Or they will begin by subtracting $5x$ from both sides or any number of unusual attempts to isolate $x$.  My mantra is “As long as it’s legal, we can try it.”  The most fundamental thing a student needs to learn about algebra is the idea that when you do the same thing to both sides of an equation, you still have equality of both sides.  This is my main focus, that if they do something to the left hand side of the equation, they must do the same thing to the right side.  If the cost is a little extra time spent in going down some inefficient rabbit holes, so be it.

The other reason I tolerate Inefficient Exploration is that it won’t always be obvious how to solve a problem, until you try to solve it.  Many students when they encounter a problem they don’t know how to solve will freeze.  They may have some ideas, but since they don’t know if it will work, they don’t take the risk of trying.  I want my students to be like the one who decides to divide by $5$ first, just to see if it will work.  It might, it might not, but we’ll never know unless we try.

# AoPS Options: 4 Ways to Study!

Many parents contact me because they are confused by the options for studying AoPS curriculum. And it is confusing! Here is a summary of options with my list of advantages and disadvantages:

(1)  AoPS textbook only.

Advantages: go at your own pace, more practice problems, if parent teaches it is least expensive option

Disadvantages: no group/community learning, may need to hire a tutor (becoming most expensive option)

(2)  AoPS online class.

Advantages: student is on a set schedule, i.e., you know exactly when you will be finished with a course; student joins the AoPS online community of math loving students, opportunity to learn and practice Latex skills, writing problems evaluated by human teacher.

Disadvantages: students often do not take deadlines seriously and do not complete homework problems by deadline (homework extensions only compound this problem), little flexibility for family schedules, some students do not like text-based class, fewer homework problems.

(3) AoPS self-paced class.  (Prealgebra only)

Advantages:  very similar to online class without online classroom, but with great flexibility in timing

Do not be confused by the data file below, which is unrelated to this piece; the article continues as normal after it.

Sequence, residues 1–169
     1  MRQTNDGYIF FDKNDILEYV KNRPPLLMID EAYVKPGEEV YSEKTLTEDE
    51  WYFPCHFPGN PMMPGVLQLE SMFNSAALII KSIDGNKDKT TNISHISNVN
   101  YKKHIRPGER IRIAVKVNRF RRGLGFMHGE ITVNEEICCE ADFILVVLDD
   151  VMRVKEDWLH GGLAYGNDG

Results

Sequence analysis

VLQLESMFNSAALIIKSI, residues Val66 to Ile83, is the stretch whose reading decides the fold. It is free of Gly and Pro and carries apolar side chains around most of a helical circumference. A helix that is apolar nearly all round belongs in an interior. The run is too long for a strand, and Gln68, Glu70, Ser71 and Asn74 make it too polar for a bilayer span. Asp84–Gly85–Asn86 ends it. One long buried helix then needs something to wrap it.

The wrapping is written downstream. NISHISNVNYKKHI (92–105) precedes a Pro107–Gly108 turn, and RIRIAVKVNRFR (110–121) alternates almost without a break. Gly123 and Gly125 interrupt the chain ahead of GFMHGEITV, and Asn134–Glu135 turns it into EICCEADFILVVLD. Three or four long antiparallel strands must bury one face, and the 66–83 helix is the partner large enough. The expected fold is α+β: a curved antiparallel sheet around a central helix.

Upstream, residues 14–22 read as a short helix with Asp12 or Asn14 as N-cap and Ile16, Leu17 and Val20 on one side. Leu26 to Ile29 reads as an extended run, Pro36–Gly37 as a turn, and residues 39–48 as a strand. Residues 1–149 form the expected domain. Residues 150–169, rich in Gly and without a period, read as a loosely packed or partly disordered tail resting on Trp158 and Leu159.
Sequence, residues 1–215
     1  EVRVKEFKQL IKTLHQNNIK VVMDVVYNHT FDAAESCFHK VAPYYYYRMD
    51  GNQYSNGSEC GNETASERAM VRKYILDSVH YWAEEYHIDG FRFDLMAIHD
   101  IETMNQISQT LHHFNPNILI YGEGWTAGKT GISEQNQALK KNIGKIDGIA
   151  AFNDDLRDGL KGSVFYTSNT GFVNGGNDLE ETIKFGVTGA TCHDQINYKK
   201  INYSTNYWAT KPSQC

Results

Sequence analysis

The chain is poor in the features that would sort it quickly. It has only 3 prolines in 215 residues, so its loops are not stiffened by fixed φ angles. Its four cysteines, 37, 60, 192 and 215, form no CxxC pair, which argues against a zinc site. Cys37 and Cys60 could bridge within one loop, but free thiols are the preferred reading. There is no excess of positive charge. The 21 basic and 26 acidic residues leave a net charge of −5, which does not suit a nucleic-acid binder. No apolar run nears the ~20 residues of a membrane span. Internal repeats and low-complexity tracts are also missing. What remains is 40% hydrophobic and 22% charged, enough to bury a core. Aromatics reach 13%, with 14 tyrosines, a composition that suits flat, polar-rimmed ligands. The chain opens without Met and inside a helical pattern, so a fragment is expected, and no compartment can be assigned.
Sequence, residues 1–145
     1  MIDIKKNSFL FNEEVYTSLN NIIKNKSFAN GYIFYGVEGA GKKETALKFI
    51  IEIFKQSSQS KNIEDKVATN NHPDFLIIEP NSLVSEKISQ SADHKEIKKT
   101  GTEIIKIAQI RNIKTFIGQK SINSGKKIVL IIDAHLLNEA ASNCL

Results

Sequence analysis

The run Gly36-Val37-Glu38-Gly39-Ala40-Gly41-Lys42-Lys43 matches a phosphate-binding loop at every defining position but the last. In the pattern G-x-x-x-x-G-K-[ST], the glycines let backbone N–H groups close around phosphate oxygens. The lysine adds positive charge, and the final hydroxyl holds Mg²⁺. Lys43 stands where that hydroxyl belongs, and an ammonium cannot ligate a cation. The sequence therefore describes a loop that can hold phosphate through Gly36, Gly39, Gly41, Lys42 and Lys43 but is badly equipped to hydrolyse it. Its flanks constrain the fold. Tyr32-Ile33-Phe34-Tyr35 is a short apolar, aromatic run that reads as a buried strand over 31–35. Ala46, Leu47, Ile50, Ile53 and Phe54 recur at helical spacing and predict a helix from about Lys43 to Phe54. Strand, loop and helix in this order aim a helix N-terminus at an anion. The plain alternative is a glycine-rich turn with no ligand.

Disadvantages:  students historically tend to not complete the class, access limited to 9 months per half course.

Advantages: In person classes with online video during pandemic

I support students who are using all these options with an online whiteboard and videoconferencing.
For example with the textbook only option (1), I work through the problems with the students and then assign the Exercises, Review Problems and Challenge Problems as homework.
I also support students who are taking online classes (options 2,3,4) with light homework help.  Sometimes I remind them of key points from lecture, a short prompt here and there to get them started.  I also model solid mathematical documentation on the whiteboard to help them avoid errors and improve their writing problem responses.  I also get them started with Latex (more exciting than it sounds!).

# My 5 Types of Students

In the spirit of market segmentation, I’ve identified the 5 types of families who hire me:

1. Math-Maturity-Mismatch Students  These are the younger students who have high math ability, but they have the maturity of a typical kid, and they have trouble following through on their homework independently.  Students meet with me once or twice a week for “homework time” saving parents from nagging their kids so they can have a better relationship, and the students have more fun.
2. Socratic-Scaffolding Students  These students blank when they see a problem, and all they lack is the tiniest hint to get them started.  “Hm, today’s topic was triangle inequality.  Can you tell me the rule for triangle inequality?”  And suddenly, just like that, they are off to the races.
3. “I Must Qualify for Nationals” Students  These are the students who are keen to level up in MathCounts, qualify for AIME, or just generally improve their math contest scores with an eye on college admissions.
4. “You Look Like Me” Students  Yes, female students like that I’m a girl, and I really get them.  There’s something to be said for single-gender math education, especially in the critical middle school years.
5. Last Comic Standing Students  These students like me for my nerdy sense of humor.  And most give it as well as they get it.  If I use my standard “Problems involving FRUSTRums are very FRUSTRating” joke, they respond with their favorite one-liner:  “y=mx+b.”